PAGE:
Glitter has long been a staple of the primary classroom. Space topic art project? Time to break out the glitter. Making Christmas cards to send home to parents? Glitter is essential.
And yet, recent research suggests that glitter is actually bad for the environment. Several schools have even proposed a ban on using glitter in the classroom as a result.
So, what is all the fuss about?
The problem is that studies have shown that microplastics, including glitter, do not biodegrade. When these tiny particles of plastic are washed down the drain and reach the ocean, they can be consumed by fish, seabirds and other marine life, causing them harm.
Now, as a measure to protect marine environments, scientists such as Dr Trisia Farrelly have gone so far as to suggest that “all glitter should be banned”. And environmental charities have also taken up the cause. Friends of the Earth, for example, have kick-started a movement promoting plastic-free ways to enjoy festivals, including the use of biodegradable body glitter.
But what does this mean for schools? Is a ban on glitter really necessary?
Kevin O’Brien, senior leader and Year 6 teacher at Southfields Academy in Greater London would be in favour of a ban.
“I believe it to be a good idea if solely to reduce the mess and wastage caused from its use. Many a time I have been told off by my cleaner,” he says.
Glitter ban in schools?
However, Gaynor Bright, a foundation stage teacher at Arnbrook Primary School in Nottingham, believes that getting rid of glitter in individual schools would barely scratch the surface of the problem and so it should be up to manufacturers to make their products more environmentally friendly.
“Banning glitter in schools won't make a huge difference,” she says. “Manufacturing environmentally safe glitter is the answer.”
One thing that O’Brien and Bright agree on, though, is that children should be taught about the harmful impact plastic has on our environment.
“The plastics issue, I feel, is an area that our young children must know about,” says O’Brien. He thinks that the idea of banning glitter can be explored in the classroom, as part of PSHE or science topics.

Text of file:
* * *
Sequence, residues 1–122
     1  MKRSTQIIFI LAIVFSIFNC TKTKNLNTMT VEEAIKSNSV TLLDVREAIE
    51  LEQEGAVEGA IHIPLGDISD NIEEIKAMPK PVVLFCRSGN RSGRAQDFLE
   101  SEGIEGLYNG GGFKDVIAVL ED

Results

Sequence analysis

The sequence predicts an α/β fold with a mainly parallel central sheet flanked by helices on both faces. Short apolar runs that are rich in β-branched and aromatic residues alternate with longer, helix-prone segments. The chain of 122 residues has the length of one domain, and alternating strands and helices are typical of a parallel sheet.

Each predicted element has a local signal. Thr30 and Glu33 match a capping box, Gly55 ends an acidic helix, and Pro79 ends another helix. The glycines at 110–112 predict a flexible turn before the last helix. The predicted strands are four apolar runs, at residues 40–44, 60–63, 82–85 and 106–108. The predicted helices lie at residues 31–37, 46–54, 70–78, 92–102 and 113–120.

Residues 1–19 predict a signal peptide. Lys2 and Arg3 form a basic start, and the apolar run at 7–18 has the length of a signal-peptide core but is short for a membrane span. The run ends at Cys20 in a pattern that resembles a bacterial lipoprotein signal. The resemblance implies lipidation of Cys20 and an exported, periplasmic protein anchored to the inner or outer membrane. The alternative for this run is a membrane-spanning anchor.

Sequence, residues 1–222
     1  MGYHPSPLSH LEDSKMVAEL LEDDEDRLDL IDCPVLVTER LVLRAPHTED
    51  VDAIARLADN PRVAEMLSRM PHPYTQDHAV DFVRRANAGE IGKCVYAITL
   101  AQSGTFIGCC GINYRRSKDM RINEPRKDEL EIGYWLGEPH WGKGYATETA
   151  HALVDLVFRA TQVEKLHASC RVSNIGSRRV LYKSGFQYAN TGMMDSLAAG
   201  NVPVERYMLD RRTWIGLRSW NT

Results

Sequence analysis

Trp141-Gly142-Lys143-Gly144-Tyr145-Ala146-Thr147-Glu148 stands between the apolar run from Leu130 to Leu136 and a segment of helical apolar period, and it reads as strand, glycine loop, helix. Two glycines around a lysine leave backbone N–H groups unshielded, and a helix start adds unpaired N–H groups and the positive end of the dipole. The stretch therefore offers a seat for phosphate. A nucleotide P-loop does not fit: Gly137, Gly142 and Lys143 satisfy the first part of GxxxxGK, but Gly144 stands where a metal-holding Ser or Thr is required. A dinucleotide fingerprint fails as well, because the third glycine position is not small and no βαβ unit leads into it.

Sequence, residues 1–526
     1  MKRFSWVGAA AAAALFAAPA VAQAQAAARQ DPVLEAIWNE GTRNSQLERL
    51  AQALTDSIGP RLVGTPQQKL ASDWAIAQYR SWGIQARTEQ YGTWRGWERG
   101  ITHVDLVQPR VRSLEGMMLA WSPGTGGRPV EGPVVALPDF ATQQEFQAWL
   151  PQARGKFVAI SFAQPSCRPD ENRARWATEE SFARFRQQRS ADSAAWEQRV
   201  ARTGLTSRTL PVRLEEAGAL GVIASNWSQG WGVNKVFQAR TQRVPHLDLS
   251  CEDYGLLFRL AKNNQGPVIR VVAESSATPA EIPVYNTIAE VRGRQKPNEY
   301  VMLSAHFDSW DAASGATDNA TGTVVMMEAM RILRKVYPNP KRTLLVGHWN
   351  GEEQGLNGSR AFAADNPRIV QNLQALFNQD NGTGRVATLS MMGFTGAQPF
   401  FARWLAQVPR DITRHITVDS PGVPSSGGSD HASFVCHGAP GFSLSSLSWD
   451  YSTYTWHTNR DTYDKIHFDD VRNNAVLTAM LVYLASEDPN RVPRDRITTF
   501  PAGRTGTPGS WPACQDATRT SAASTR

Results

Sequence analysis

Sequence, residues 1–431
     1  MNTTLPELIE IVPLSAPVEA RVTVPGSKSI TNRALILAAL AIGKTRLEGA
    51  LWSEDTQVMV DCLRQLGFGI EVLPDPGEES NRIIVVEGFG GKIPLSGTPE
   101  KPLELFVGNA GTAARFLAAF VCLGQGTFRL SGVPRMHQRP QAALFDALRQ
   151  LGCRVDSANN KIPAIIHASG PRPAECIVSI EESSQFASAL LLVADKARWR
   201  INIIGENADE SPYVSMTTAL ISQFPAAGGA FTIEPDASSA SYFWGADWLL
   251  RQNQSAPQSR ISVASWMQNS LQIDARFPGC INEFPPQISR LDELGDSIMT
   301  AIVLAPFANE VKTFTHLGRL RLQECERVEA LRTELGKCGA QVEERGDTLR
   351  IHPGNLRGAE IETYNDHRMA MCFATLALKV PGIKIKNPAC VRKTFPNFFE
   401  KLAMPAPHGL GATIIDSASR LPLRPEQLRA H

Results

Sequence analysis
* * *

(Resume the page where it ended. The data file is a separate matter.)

“We often use BBC series such as Blue Planet in lessons as a stimulus [for talking about the environment],” O’Brien explains.
Gayner, likewise, highlights the importance of teaching pupils more broadly about the effects of human behaviour on the environment so that children “learn to make informed choices”.
'A step too far'
So, if a blanket ban on glitter was introduced in future, would schools be willing to accept the change?
A recent poll of nursery workers suggests not. Of the 1,092 nursery workers surveyed by reviews website daynurseries.co.uk between January and March this year, only 22 per cent were in favour of banning glitter.
O’Brien points out that this resistance is perhaps not down to teachers’ penchant for the sparkly stuff, but to the fact that banning glitter is simply not currently a top priority for those working in education.
“I would suggest that there are many more important issues such a finance for schools, teacher pay and workload that are much more important than whether glitter should be banned or not,” he says.
Gaynor, likewise, agrees that there are bigger issues to tackle here.
“A proposed ban on glitter is a step too far,” she says. “Education, not banning, is the only way to get our next group of potential adults and leaders to think carefully about their environmental impact.”
Zoya Raza-Sheikh is a freelance writer